There is no right age to address a feed to sleep association, and some people are happy with this style of parenting long term. That is also fine. But if you are not wanting to feed to sleep for 12 months or longer, knowing you are creating that habit in the first 3 months is knowledge, and knowledge is power. You can act on it, or you can wait. There is no blanket statement from me.

It’s normal to wake up at night, I agree.

Sleep architecture is designed so that we wake up several times a night, all humans do. Babies toddlers, adults we all wake between sleep cycles. [6] Once we have learnt to self-soothe, we simply roll over and go back to sleep without calling out to our parents for help to get back to sleep.

Whether your baby wakes up fully or has a partial arousal between sleep cycles and goes back to sleep is not dictated by whether or not you breastfeed them each time they stir. In fact this study [3], showed that room sharing babies have more night time wake ups, than those sleeping alone. This would therefore show that by room sharing, and breastfeeding upon each stir, your baby will in fact wake more overnight, not learn to link their sleep cycles and sleep through the night.

I’m not disputing that night waking’s are normal, they are. I’m also not saying that you can’t feed your baby back to sleep, you do you, and I’ll do me.

No blanket statement from me.

What about formula feeding mums?

Let’s stop and think about the formula feeding babies, again this blanket statement to breastfeed your baby each time they wake at night is excluding the 45% of parents who are either formula feeding or mix feeding by 6 weeks of age!

Society already slams us with statements like “breast is best”, now there is pressure to breastfeed each time your baby stirs or risk developing a baby who doesn’t have empathy as an adult. This is simply adding to the ridiculous pressure to breastfeed when it doesn’t work for a large percentage of women.

Again, adding to the risks of post-natal depression, feelings of guilt, feelings of failing and anxiety around your baby possibly being damaged by not being on that breast each time they stir at night.

No. There is no evidence that this is remotely factual.

The bottom line?

This piece of TV entirely overlooks the overwhelming body of direct scientific evidence that outlines the importance sleep and sleep training. Research that shows the significant and lasting impact of chronic sleep deprivation and the negative impact of long term (I would call 12 months long term!) fragmented sleep on the mental and physical wellbeing of a mum. Not to mention research showing, in study after study, sleep training has been found to be effective, safe [7], and beneficial.

The bottom line? No mum wants their baby to cry, and plenty of mums don’t want to be getting up 2-3-4-5 times a night for 12 months.

Leaving a baby over 6 months to cry during sleep training does not constitute abandonment [1], nor does it constitute toxic chronic stress [4], and this scare mongering of parents has to stop.

There are plenty of ways to improve a baby’s sleep in the first 12 months, 20 minutes of crying is not your only option, but for those parents who resort to letting their children cry have not failed, and are not creating unempathetic monsters. They have come to the conclusion that the gentle methods have not been successful or are not suitable for them and their child at this time. They’ve realized that the chronic sleep deprivation they are experiencing is not sustainable, or healthy for their family.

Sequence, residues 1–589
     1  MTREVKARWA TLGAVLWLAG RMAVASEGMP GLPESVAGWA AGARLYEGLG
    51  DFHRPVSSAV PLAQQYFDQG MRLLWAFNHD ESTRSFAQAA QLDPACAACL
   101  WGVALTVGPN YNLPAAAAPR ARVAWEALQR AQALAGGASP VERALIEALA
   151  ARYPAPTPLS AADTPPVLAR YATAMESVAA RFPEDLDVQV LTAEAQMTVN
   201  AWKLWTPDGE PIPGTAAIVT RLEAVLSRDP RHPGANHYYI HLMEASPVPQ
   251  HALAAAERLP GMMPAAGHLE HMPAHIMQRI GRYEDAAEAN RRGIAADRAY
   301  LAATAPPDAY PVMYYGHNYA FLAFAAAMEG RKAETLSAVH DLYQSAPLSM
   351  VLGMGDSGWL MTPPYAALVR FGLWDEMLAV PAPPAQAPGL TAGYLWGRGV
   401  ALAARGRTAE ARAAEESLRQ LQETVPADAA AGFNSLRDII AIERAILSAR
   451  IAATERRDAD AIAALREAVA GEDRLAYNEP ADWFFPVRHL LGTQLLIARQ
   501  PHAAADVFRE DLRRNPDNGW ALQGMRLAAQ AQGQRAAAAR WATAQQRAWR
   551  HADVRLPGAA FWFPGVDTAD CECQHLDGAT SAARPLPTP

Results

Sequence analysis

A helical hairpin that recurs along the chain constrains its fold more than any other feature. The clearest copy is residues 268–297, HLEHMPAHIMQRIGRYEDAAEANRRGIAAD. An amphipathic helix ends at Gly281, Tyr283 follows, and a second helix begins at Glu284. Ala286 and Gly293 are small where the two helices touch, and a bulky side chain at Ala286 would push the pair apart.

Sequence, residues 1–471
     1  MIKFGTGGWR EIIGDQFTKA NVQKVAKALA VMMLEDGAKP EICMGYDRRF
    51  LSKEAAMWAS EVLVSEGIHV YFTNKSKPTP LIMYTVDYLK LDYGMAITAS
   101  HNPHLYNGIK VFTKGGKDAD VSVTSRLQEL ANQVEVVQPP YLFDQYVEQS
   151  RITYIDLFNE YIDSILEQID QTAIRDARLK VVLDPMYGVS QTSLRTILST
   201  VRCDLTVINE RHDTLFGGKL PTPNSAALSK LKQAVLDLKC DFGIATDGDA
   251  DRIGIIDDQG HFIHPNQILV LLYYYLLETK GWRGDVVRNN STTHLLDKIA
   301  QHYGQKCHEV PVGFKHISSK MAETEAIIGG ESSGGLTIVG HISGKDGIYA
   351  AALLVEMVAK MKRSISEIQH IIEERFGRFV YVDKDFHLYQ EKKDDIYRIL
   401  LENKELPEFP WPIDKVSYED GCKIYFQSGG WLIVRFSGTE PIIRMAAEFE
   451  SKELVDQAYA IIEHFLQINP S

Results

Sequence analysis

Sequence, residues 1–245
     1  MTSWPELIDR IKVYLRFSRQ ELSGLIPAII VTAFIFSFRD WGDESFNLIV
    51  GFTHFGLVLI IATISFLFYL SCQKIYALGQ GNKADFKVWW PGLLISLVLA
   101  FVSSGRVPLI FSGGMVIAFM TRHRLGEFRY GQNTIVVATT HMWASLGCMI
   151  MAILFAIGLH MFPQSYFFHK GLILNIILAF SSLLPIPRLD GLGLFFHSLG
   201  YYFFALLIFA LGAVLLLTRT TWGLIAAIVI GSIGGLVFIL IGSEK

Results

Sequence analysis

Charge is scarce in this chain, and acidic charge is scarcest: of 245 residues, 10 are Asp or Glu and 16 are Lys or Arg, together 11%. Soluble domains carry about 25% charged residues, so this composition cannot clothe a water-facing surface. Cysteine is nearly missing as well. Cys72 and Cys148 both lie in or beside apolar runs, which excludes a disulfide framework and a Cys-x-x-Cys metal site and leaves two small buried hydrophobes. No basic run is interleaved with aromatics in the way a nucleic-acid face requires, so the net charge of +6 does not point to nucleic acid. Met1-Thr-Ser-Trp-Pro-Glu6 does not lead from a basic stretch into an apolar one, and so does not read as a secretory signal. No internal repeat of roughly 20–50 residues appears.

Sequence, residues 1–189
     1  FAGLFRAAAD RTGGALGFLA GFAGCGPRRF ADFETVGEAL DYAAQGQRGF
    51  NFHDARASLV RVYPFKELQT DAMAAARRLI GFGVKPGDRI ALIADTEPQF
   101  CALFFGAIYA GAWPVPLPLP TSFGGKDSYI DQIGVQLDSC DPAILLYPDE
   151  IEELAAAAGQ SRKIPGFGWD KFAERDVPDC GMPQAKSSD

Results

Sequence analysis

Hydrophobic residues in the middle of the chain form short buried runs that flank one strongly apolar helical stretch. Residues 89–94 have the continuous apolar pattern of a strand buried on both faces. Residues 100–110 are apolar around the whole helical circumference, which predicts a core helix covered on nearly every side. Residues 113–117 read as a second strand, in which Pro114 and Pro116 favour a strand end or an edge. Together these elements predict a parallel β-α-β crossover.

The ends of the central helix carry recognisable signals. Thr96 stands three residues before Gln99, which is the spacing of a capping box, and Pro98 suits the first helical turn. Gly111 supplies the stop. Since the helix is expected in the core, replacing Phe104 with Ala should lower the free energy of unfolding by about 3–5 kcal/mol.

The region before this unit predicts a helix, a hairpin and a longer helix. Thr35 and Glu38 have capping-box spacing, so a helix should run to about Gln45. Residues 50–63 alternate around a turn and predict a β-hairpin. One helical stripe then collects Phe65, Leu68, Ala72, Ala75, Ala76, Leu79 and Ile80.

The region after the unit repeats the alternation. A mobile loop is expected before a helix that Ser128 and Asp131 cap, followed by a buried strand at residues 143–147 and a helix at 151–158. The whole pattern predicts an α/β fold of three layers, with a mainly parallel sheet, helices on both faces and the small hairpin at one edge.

Sleep is a biological necessity not a luxury.

Emma Purdue

Emma is the owner and founder of Baby Sleep Consultant, she is a Certified Infant and Child Sleep Consultant, Happiest Baby on the Block Educator, Royal Children's Hospital in Melbourne Certificate in Infant Sleep, a Bachelor of Science, and Diploma in Education.

Emma is a mother to 3 children, and loves writing when she isn't working with tired clients and cheering on her team helping thousands of mums just like you.


  1. Center on the Developing Child at Harvard University (2012). The Science of Neglect: The Persistent Absence of Responsive Care Disrupts the Developing Brain: Working Paper No. 12

  2. Burnham, M. M., Goodlin-Jones, B. L., Gaylor, E. E., & Anders, T. F. (2002). Nighttime sleep-wake patterns and self-soothing from birth to one year of age: a longitudinal intervention study. Journal of Child Psychology and Psychiatry, and Allied Disciplines43(6), 713–725.

  3. Mao, A., Burnham, M. M., Goodlin-Jones, B. L., Gaylor, E. E., & Anders, T. F. (2004). A Comparison of the Sleep–Wake Patterns of Cosleeping and Solitary-Sleeping Infants. Child Psychiatry and Human Development35(2), 95–105. http://doi.org/10.1007/s10578-004-1879-0

  4. Franke, H. A. (2014). Toxic Stress: Effects, Prevention and Treatment. Children1(3), 390–402.

  5. Dørheim, S. K., Bondevik, G. T., Eberhard-Gran, M., & Bjorvatn, B. (2009). Sleep and Depression in Postpartum Women: A Population-Based Study. Sleep32(7), 847–855.

  6. Ferber R. Solve your child’s sleep problems. Simon and Schuster; New York: 2006. (Original work published 1985)

  7. Anna M.H. Price, Melissa Wake, Obioha C. Ukoumunne, Harriet Hiscock, (2012), Five-Year Follow-up of Harms and Benefits of Behavioral Infant Sleep Intervention: Randomized Trial, Pediatrics